Two major Sunni organisations -  the Association of Muslim Scholars (AMS) and the government's Sunni Endowment - said bodies of 11 Sunni men were found on Wednesday hours after they were taken by Iraqi security forces in early morning raids.

The dead included Sunni cleric Dia Muhammad al-Janabi, a member of the AMS. A colleague, Shaikh Hassan Sabri Salman, said al-Janabi had been taken to a house in a Shia neighbourhood "where they were tortured before being executed".

Adnan al-Dulaimi, head of the state-run Sunni Endowment, which takes care of Sunni mosques in Iraq, stopped short of blaming state security forces but said the Sunnis were taken away by armed men "in military uniform".

Investigation wanted

"The government and the American forces that are responsible for the security of the Iraqi people should investigate this matter," he told Aljazeera.

Mainstream Sunni parties and organisations were already in an uproar over the deaths of at least nine Sunni men who died this week in police custody. The men were rounded up following a gun battle on Sunday in west Baghdad.

Police delivered their bodies to Yarmouk hospital the following day. The Interior Ministry says it has launched an investigation into their deaths. Major-General Hussein Kamel said it appeared the Sunnis suffocated after they were locked in a police van whose air conditioning failed in the 43C heat.  

"The government and the American forces that are responsible for the security of the Iraqi people should investigate this matter"

Adnan al-Dulaimi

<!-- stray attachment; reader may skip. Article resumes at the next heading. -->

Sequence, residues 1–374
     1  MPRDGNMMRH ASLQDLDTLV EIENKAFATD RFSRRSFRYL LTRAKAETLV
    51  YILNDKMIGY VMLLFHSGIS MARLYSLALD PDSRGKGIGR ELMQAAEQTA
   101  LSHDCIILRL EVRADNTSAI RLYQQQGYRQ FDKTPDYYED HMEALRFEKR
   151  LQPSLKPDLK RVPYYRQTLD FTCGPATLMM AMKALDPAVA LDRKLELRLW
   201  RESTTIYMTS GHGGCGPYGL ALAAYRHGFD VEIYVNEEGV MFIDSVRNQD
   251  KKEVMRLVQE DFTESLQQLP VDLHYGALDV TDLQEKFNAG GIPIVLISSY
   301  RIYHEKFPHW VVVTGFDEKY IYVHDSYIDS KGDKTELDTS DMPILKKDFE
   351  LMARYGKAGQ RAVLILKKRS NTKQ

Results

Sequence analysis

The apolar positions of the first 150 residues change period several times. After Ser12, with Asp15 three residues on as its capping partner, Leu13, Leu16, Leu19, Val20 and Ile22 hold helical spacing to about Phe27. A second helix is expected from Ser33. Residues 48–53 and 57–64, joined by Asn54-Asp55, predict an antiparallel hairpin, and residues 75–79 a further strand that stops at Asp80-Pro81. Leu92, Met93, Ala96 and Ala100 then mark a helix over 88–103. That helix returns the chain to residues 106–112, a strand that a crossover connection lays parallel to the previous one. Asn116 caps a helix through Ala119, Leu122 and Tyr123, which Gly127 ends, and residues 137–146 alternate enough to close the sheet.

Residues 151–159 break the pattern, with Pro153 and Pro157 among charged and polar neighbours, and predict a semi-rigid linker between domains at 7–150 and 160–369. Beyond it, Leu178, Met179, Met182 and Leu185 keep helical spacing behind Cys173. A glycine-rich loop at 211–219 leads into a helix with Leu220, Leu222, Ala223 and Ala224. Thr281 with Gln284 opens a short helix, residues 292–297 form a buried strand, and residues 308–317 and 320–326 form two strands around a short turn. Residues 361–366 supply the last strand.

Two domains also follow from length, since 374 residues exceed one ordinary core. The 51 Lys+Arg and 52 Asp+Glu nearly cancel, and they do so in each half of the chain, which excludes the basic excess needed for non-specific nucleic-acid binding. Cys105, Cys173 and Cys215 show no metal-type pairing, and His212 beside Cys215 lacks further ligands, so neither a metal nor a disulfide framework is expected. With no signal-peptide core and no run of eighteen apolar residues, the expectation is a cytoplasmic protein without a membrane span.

Kamel said that if the investigation found evidence of criminal conduct on the part of the police, the case would be referred to the courts. The country's largest mainstream Sunni political group, the Iraqi Islamic Party, denounced "this savage crime" which shows the "barbaric way citizens are being treated".

Lack training

Presidential adviser Wafiq al-Samarie, a Sunni and a former intelligence chief under Saddam Hussein, acknowledged that Iraq's new security forces lacked training and experience.

Al-Samarie said Sunni clerics had a duty to speak out against alleged atrocities committed against their community "but they should denounce strongly and clearly the terror" committed by anti-US fighters "so as not to accuse one side of all the crimes".
 
Sunni allegations follow a statement this month by Britain's Defence Ministry and Foreign Office that they were "deeply concerned" by reports of the abuse of terrorist suspects in Iraqi police custody.

Neither ministry would detail the allegations, but The Observer newspaper of London said this month it had photographic evidence of torture of terrorist suspects by Iraqi security units.

Torture claim 

The newspaper did not publish those photographs, but said the allegations included burning, strangulation, sexual abuse, hanging by the arms, the breaking of limbs and, in one case, the use of an electric drill on knee caps.

Some forces, comprising mainly 
Shia, are said to abuse Sunnis

Many of the allegations have centred on elite Iraqi units largely made up of Shia Muslims. That threatens to worsen sectarian tensions at a time when Washington is encouraging the Shia-dominated government to reach out to the Sunnis, say analysts.

Al-Dulaimi, who spoke out against the mysterious deaths of the nine Sunnis, has been at the forefront of efforts by moderate Sunnis to convince members of the community to take part in the political process despite threats by fighters.

Sunni participation

So far those efforts have brought only limited success - which is now threatened by reports of abuse.

This month, the government took 15 Sunnis onboard a parliamentary committee drafting a new constitution, which is scheduled to be finished by 15 August.

Two of the Sunnis have already quit after receiving threats.